If your local VBAC-banning hospital doesn't accept federal funding, then you have a different fight on your hands. Even without EMTALA or the patients' rights outlined in the Conditions of Participation, you always have the legal right to refuse any medical treatment, including cesarean surgery. The doctrine of informed refusal has been upheld by common law, case law, Constitutional law, federal law, state law, state mandated medical ethics and the ethical guidelines of the American Medical Association (AMA) and the American College of Obstetricians and Gynecologists (ACOG). Any facility or care provider claiming that you must undergo a cesarean you wish to refuse is violating the governing principles of their respective institutions and professions, as well as the rule of law. Check your hospital's website to see if they have a "bill of patients' rights" posted, that will give you an idea of whether they follow the ethics of informed refusal. If they say you can't have a VBAC, ask how that fits in with their statement to support your right to informed refusal, in this case, your refusal of a repeat c-section? File a complaint with the hospital's ethics committee and with your state's department that licenses or reviews hospitals. They're going to say their insurance simply doesn't allow it. That's their problem, not yours! They are taking your money in exchange for providing you a service, make them earn their money by providing the service YOU WANT.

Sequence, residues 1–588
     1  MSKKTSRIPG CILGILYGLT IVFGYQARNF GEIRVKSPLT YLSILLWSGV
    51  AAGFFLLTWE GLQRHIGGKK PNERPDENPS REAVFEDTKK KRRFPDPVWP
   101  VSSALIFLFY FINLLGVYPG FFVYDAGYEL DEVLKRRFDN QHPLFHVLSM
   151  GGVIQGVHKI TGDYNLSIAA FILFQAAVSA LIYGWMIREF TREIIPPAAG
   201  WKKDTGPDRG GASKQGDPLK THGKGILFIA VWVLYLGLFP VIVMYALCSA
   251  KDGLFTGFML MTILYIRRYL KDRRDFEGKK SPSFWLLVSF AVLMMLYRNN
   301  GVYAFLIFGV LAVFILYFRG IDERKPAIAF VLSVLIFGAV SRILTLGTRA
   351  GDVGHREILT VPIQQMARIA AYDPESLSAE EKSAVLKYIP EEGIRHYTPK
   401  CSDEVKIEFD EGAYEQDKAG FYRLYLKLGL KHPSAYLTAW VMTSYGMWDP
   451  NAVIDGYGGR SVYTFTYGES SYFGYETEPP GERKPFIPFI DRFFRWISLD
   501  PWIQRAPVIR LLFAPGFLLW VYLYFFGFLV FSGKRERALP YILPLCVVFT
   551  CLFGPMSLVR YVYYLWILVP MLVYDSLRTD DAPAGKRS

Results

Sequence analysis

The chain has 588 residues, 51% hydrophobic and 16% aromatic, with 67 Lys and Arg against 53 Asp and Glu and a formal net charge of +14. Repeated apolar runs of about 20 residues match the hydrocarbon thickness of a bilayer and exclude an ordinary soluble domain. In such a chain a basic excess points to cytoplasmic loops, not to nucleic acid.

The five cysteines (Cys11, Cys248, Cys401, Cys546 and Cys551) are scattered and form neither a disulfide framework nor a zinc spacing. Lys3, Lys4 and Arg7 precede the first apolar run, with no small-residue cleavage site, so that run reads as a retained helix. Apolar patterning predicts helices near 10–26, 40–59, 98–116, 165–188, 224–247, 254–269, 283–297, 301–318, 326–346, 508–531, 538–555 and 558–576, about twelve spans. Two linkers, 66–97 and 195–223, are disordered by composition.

So how do some hospitals get away with "banning" what should be the normal, natural physiological end to a healthy pregnancy? With forms. They ask you to willingly sign a form stating that you will consent to a repeat c-section, a form waiving your legal rights. Don't sign it. You can legally amend any document, cross out what you don't like, sign it, hopefully get a witness to verify it. Don't do it within 30 days of your EDD; take the forms home & fill them out & hold onto them until you're at term, or even in labor. If the hospital says you can't or won't be admitted without signing an unaltered consent form, sign it, get yourself admitted, and then hand your nurse a handwritten signed & dated & witnessed (by your DH and/or doula) statement saying something like, "I hereby withdraw all prior written consent. I do not at this time consent to any procedures or treatment. I will provide verbal consent as necessary for medically indicated procedures." Good luck!!!
    Last edited by Spacers; 06-17-2010 at 05:55 PM.
    David Letterman is retiring. Such great memories of watching him over the past thirty-two years!